Hundreds of Washington tax lobbyists, who have spent the past year recuperating from last year's tax revision law, are camping out again at the closed doors of the House Ways and Means Committee. The stakes -- a $12 billion tax increase -- are not as high as they were last year, but the number at the reunion is no smaller.

"People haven't seen each other in a year. Babies have been born, kids have gone to school, people have changed jobs. It was like homecoming," Sheldon Steinbach, a lobbyist for the Council on American Education, said of the House committee's first meeting last week. The public portion of that session lasted about 20 seconds; lobbyists spent the rest of the day standing in the halls of the Longworth House Office Building chatting with each other.

Some of those who will be following the committee's meetings this week and next are hoping to prevent specific tax increases, but a brave few have even bolder objectives: They are trying to restore tax breaks curtailed last year or to obtain new benefits.

Among those undaunted interests: providers of mutual funds, companies engaged in research and development, authors of books, accounting and law firms and poultry producers. Altogether, an estimated 2,500 to 3,000 requests for alterations in the tax code have poured into the Ways and Means Committee.

"They are standing out there falling over one another to get these things repaired or replaced," one committee aide said.

Most of the major proposals would reduce tax revenue, increasing the deficit, and thus would seem unlikely candidates for inclusion in a bill intended to raise taxes. But the tax increase measure and an accompanying package of technical corrections to the 1986 law probably will be the only tax bills considered in Congress this year, and the lobbyists don't want to miss any train.

"Obviously revenue is a problem. Revenue is a problem with everything these days. But . . . I can't believe there will be no corrections of gross injustices in this tax bill, and if there are any, we think ours will be one of them," said David Silver, president of the Investment Company Institute.

The institute is trying to overturn a provision of the 1986 law that requires investors in mutual funds to pay taxes on some of the costs of operating the fund, even though the investors do not actually receive the money. Cost to the Treasury of repeal: $250 million, by one estimate.

For this and other items on the lobbying agenda to be accepted, however, Congress still must write and approve the tax increase bill and President Reagan must sign it into law.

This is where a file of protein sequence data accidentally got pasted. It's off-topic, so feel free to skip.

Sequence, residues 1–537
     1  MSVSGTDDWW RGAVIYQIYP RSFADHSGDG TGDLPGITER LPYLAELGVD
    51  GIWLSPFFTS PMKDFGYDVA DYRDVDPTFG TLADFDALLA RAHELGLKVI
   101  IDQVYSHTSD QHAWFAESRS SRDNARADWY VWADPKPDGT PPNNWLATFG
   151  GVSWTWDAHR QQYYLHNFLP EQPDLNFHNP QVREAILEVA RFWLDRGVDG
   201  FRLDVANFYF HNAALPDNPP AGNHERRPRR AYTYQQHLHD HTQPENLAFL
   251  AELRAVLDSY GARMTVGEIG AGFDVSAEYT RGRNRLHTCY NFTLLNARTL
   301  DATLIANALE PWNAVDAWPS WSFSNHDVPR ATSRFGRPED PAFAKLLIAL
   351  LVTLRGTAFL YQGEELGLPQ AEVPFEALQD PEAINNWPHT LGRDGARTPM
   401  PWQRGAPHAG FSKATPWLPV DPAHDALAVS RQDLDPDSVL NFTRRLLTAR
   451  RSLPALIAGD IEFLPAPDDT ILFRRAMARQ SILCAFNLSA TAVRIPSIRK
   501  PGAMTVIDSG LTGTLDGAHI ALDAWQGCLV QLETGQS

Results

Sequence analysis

Prospects for both events did not improve yesterday. In a speech, Treasury Secretary James A. Baker III reiterated Reagan's strong opposition to any new taxes. And Republicans on the Ways and Means Committee, maintaining the stance they took in last week's session, declined after a meeting with Baker to commit themselves to participating in writing a tax bill.

Undeterred by such wrangling, interest groups are seeking their relief in someone else's tax increase.

Authors and screenwriters are struggling against a footnote in the 1986 law that requires them to deduct the expenses of writing a book only against income from that book, years after the expenses. The authors, declining compromise proposals by the Treasury Department, hope to repeal the footnote.

Accountants and other professionals are lobbying to pay their taxes on a fiscal-year basis, rather than converting to a calendar year as required by the 1986 law (their taxes would rise during the catchup phase, although the accountants have proposed another way to make up the lost revenue if they win).

A coalition of high-tech, pharmaceutical and chemical companies wants to use the tax increase legislation to resolve a 10-year-old dispute over how to account for research and development costs for companies with foreign operations. The industry, congressional staff and Treasury officials have agreed on a compromise but it would cost $200 million and no offsetting tax increase has been proposed.

A group of poultry companies is lobbying to overturn a tax break that allows such competing chicken producers as Perdue Farm Inc. and Tyson Foods to defer millions of dollars in taxes each year. The poultry pitch has one advantage, from a political standpoint: Adoption of the change would raise revenue.